With the linker in hand, we investigated the displacement reactions of the nitro group with two nucleophilic amino acids residues. The addition of L-cysteine to an aqueous solution of linker (5.), in the presence of Hunig’s Base (2.0 eq.) led to the displacement of the nitro group and the formation of the cysteine conjugate of (5.) after 16 hours at RT. Unsurprisingly, the addition of L-cysteine to precursor (2.) under the same reaction conditions led to formation of the conjugate in less than 1 hour. This can be simply attributed to the increased aqueous solubility of the acid precursor. It is envisaged that attachment of a drug motif at the terminus of the azide (for example through reaction with an appropriate alkyne under ‘Click-Chemistry conditions) should afford a more water-soluble linker and lead to an increased rate of reaction.
Happy with the formation of the thiol linked conjugate, we investigated the specificity of the reaction by repeating the conjugation with an alternative nucleophilic amino acid, L-lysine. This time, despite extended reaction times, no conversion to the lysine conjugate was observed. Further evidence for the thiol selectivity was obtained when L-cysteine (1.0 eq.) was added to an aqueous solution of the linker, along with L-lysine (20 eq.), with only the cysteine conjugate visible by ESI-MS. These results correlate well with the known nucleophilicities of amino acid residues, whereby cysteine is 104 times more nucleophilic than corresponding amino functionalised side chains.
Given that the aim of this short investigation was to demonstrate the utility of our new linker in experiments involving protein bioconjugation, we decided to investigate the reaction of linker (5.) with a model protein, Bovine Serum Albumin (BSA). BSA is a large protein and contains a single surface cysteine at position 58, making it a suitable protein to test the reactivity and selectivity of our novel linkers in the presence of other nucleophilic residues.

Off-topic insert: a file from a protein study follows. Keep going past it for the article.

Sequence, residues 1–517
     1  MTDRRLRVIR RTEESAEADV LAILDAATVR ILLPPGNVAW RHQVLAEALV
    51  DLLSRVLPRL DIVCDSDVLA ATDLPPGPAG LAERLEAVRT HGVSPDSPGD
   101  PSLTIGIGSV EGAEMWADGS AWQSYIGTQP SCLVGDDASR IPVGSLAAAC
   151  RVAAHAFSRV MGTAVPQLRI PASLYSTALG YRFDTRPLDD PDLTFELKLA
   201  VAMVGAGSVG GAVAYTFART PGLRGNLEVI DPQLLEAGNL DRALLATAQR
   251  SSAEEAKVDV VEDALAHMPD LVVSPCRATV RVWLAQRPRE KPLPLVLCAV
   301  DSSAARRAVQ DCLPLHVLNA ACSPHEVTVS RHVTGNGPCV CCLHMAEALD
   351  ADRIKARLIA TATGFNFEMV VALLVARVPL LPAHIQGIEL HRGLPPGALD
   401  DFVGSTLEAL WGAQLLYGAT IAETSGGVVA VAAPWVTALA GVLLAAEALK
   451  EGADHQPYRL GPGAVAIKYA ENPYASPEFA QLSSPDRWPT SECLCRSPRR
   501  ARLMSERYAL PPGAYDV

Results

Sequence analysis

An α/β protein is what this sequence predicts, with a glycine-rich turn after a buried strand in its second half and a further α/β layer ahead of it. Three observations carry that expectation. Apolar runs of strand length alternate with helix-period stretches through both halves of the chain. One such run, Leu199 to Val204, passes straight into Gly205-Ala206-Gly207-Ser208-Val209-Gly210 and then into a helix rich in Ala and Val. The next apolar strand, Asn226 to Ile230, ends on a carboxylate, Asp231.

Utilising our semi-optimised reaction conditions, an aqueous solution of BSA was added to a solution of linker (5.), followed by the addition of Hunig’s base. The reaction was stirred overnight at RT, at which point complete conversion had been achieved. Analysis of the crude reaction mixture by ESI-MS revealed species with M/Z = 66,459 and 66,735 Da corresponding to the native BSA and the linker derived BSA, respectively. These results confirm that we had successfully achieved ligation of BSA, presumably through displacement of the nitro group by the thiol residue of Cys58.
Figure 1. ESI-MS showing the presence of the BSA-linked conjugate.
Although further developments in terms of the SNAr reaction kinetics, aqueous solubility of the linker and nucleophilic specificity are needed, this short investigation was able to demonstrate the potential use of the 4-nitropyridine moiety as a thiol-specific acceptor for bioconjugation.
HFR would like to thank the Royal Society of Chemistry for the award of an Internship Grant to support this study and Dr. Jackie Mosely at Durham University for mass spectrometry analysis.